Popular nutrition program returns to help at-risk families in Umatilla and Morrow counties

According to the 2018 Umatilla County Community Health Assessment, 42% of adults are obese and suffer from a variety of health issues such as food insecurity, cardiovascular disease and diabetes. Oregon State University Extension’s Supplemental Nutrition Assistance Program Education (SNAP-Ed) unit in Umatilla and Morrow counties helped address these issues in the past by partnering with Umatilla-Morrow Head Start to provide “Fruits and Veggies for Families” nutrition education classes for lower-income families in the two counties.

The program ended, however, due to staff changes, leaving a large education gap in lower-income families with high risk of obesity related disease or complications. In 2022 Umatilla-Morrow SNAP-Ed partnered with the Oregon Washington Health Network to revive Fruits and Veggies for Families to serve about 50 families at high risk for nutrition related diseases due to obesity or poor diet. The partnership received a $40,000 grant from the Eastern Oregon Coordinated Care Organization's Community Benefit Initiative Reinvestment grant program.

Community members could apply to Fruits and Veggies for Families if they had a known health risk and were experiencing food insecurity. OSU Extension and the Oregon Washington Health Network provided six in-person classes throughout July, August and September. At each class families received a bag of about $40 worth of locally grown produce. During the lessons, attendees reviewed a nutrition topic and prepared Food Hero recipes.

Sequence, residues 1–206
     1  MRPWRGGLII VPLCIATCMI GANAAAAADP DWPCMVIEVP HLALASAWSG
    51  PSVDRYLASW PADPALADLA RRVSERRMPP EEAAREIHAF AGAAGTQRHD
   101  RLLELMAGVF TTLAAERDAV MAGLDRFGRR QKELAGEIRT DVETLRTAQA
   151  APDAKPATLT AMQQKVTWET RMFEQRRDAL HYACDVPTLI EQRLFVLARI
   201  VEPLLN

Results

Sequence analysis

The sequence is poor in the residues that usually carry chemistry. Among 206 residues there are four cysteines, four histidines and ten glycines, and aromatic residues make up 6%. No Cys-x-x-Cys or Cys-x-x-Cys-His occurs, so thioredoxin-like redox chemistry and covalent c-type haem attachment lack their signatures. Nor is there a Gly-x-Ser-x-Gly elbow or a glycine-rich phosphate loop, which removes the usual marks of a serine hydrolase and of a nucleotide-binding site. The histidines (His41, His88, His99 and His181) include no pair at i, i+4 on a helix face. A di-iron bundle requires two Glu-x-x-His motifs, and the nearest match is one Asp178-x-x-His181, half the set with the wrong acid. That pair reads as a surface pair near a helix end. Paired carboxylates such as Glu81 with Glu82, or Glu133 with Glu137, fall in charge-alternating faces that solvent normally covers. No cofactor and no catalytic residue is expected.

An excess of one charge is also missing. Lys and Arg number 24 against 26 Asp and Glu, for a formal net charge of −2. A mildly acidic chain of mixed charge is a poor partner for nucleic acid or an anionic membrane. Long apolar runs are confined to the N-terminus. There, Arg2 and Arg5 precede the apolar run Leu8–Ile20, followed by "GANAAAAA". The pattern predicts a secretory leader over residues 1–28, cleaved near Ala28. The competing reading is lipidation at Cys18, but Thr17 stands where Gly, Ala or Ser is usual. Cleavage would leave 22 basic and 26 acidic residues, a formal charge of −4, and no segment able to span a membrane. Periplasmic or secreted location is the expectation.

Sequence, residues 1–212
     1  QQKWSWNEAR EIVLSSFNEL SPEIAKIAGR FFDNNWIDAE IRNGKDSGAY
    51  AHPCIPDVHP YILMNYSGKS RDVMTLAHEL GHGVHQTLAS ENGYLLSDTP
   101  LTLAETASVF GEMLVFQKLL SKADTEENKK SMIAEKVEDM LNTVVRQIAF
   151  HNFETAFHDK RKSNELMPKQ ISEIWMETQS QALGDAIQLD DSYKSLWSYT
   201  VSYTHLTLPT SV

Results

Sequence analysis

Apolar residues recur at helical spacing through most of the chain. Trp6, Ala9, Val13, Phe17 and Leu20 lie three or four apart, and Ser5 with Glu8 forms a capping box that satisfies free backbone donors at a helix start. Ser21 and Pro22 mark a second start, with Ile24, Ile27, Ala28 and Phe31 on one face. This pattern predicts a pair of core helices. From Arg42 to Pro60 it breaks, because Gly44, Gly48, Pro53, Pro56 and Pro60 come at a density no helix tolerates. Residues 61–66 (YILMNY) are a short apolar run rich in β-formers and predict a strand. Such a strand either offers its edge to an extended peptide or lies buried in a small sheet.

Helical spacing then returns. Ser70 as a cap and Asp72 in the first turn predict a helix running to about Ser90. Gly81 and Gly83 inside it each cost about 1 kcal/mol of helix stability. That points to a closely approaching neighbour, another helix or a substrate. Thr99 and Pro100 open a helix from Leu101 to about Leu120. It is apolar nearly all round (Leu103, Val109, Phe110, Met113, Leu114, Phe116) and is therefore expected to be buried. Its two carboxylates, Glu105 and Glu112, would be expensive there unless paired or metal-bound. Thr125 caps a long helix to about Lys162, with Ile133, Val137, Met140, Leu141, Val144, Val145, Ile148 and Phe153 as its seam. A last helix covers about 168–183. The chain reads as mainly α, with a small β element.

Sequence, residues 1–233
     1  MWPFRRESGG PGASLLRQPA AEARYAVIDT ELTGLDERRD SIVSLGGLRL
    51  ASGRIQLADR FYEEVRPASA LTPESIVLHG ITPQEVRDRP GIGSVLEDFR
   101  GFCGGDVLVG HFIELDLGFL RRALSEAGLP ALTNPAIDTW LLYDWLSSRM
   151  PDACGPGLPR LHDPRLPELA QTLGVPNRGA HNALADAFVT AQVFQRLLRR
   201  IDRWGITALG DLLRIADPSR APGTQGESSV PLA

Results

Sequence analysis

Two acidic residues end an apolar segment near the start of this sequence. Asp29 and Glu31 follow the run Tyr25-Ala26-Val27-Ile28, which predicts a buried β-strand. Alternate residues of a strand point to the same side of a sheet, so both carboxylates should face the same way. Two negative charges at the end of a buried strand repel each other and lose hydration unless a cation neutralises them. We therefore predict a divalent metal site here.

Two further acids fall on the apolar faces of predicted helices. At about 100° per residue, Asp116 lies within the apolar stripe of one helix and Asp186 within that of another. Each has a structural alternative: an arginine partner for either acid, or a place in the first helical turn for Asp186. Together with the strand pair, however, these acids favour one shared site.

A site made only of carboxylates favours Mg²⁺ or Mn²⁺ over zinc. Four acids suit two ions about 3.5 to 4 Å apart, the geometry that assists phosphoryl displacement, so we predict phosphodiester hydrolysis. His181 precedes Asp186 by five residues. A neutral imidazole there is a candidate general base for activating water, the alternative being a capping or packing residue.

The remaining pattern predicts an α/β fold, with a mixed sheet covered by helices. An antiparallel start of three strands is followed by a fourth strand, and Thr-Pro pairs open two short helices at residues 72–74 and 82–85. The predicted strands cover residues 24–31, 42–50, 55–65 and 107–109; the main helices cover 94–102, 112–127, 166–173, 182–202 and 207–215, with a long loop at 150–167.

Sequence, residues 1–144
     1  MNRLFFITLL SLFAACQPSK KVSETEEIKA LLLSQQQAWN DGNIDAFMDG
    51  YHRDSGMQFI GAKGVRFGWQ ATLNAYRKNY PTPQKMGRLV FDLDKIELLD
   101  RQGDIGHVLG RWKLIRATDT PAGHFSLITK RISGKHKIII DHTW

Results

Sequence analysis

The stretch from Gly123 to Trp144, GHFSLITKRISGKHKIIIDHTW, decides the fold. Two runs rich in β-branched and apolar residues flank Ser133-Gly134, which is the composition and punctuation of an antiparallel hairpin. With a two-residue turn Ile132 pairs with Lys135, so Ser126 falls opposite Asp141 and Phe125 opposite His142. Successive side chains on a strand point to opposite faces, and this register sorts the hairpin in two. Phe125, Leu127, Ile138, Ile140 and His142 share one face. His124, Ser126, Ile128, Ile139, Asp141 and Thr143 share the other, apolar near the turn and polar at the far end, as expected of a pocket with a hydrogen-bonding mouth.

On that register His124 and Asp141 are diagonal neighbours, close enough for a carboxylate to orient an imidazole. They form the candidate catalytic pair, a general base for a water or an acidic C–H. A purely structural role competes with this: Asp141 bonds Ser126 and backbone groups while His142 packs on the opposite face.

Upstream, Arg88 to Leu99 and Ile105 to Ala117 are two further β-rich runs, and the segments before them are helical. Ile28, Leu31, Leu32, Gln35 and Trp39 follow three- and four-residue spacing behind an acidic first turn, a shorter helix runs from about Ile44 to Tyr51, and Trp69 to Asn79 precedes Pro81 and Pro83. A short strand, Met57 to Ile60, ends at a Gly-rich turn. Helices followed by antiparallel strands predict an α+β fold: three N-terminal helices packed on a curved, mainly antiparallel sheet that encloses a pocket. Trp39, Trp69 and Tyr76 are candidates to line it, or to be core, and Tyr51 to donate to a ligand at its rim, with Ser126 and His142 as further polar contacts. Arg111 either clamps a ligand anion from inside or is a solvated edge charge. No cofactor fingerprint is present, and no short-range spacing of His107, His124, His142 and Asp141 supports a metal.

Food Hero is a statewide initiative of OSU Extension SNAP-Ed. All the recipes are tested according to criteria, such as overall flavor, color and texture. Food Hero meals are low-cost and feature easy to find ingredients, easy to follow instructions and minimal preparation time. 

After preparing and sampling the dishes, the group discussed ways to increase their consumption of fruits and vegetables. The program started with 46 families and by the last class 32 families continued in the program. In the months of October through May families have been provided with monthly at-home lessons through a newsletter and $20 grocery gift card to help increase their fruit and vegetable consumption.

In post-program surveys, families have shared that the lessons helped them make healthier choices when purchasing and choosing produce. They reported that they prepared more dishes with fruits and vegetables and felt healthier overall.

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